Learning to Read

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Science  21 May 1965:
Vol. 148, Issue 3673, pp. 1066-1072
DOI: 10.1126/science.148.3673.1066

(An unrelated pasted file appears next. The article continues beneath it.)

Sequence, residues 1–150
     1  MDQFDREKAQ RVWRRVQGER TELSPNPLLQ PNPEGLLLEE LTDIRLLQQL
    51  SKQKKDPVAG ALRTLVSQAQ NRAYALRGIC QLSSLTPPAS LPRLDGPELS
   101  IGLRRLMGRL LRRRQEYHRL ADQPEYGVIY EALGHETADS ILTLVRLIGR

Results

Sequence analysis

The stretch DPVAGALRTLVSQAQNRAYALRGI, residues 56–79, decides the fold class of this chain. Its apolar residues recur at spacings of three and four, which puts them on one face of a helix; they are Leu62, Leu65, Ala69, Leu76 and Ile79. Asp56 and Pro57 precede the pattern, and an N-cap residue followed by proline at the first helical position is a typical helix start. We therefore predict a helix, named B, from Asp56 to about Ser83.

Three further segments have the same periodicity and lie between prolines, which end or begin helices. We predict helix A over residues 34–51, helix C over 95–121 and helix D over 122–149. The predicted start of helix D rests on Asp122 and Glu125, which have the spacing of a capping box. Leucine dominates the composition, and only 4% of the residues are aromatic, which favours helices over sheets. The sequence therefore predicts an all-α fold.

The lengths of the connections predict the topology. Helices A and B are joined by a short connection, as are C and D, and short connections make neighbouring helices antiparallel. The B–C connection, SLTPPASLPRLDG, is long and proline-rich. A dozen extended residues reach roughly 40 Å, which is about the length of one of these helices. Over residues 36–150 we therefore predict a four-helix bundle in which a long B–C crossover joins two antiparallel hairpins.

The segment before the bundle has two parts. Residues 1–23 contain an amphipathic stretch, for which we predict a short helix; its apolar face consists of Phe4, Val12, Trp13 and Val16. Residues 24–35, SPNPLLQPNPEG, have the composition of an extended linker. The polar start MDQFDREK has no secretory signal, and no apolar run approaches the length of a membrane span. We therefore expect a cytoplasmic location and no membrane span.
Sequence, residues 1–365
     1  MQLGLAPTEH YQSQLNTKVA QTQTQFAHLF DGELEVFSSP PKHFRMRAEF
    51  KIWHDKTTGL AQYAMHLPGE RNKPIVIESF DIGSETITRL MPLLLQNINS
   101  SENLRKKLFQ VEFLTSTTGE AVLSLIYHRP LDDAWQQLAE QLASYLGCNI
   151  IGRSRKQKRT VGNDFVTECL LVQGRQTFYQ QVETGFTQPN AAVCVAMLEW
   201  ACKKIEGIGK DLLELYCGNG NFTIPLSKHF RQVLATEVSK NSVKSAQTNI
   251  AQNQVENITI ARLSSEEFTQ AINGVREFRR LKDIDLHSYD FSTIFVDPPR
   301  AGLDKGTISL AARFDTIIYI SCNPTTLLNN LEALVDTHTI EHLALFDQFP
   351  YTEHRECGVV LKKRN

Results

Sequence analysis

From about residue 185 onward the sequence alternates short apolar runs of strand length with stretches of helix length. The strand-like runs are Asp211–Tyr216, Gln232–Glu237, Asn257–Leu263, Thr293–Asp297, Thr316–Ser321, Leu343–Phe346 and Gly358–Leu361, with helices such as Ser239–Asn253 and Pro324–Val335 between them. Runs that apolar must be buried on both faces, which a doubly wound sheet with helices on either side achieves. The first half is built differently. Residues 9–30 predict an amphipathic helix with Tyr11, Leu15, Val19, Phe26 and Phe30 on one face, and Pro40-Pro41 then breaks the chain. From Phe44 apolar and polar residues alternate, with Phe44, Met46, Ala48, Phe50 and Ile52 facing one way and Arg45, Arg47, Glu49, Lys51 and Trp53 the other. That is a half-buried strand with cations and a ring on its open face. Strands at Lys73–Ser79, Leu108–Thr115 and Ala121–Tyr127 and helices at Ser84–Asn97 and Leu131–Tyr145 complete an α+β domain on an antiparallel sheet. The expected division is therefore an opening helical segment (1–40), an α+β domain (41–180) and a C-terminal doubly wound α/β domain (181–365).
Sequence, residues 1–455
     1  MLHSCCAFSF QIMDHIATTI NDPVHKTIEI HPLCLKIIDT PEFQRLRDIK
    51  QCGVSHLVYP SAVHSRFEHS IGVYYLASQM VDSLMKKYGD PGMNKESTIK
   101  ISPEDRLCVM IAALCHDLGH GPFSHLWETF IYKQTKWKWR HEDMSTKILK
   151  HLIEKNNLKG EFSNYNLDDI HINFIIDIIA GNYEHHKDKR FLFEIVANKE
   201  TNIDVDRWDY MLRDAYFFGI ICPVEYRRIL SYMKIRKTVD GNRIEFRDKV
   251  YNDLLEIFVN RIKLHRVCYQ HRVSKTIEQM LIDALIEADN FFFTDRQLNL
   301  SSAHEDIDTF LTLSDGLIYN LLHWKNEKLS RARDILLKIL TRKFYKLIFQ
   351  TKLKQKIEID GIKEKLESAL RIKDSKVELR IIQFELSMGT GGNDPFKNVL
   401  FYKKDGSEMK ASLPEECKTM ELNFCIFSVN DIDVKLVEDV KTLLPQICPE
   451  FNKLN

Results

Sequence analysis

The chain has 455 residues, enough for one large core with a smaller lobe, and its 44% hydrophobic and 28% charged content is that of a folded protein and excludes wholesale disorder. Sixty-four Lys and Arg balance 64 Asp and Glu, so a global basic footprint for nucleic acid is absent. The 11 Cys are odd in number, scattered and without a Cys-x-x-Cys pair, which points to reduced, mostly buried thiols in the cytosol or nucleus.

Reading begins with the child's acquisition of spoken language. Later he learns to differentiate the graphic symbols from one another and to decode these to familiar speech sounds. As he learns the code, he must progressively utilize the structural constraints which are built into it in order to attain the skilled performance which is characterized by processing of higher-order units—the spelling and morphological patterns of the language.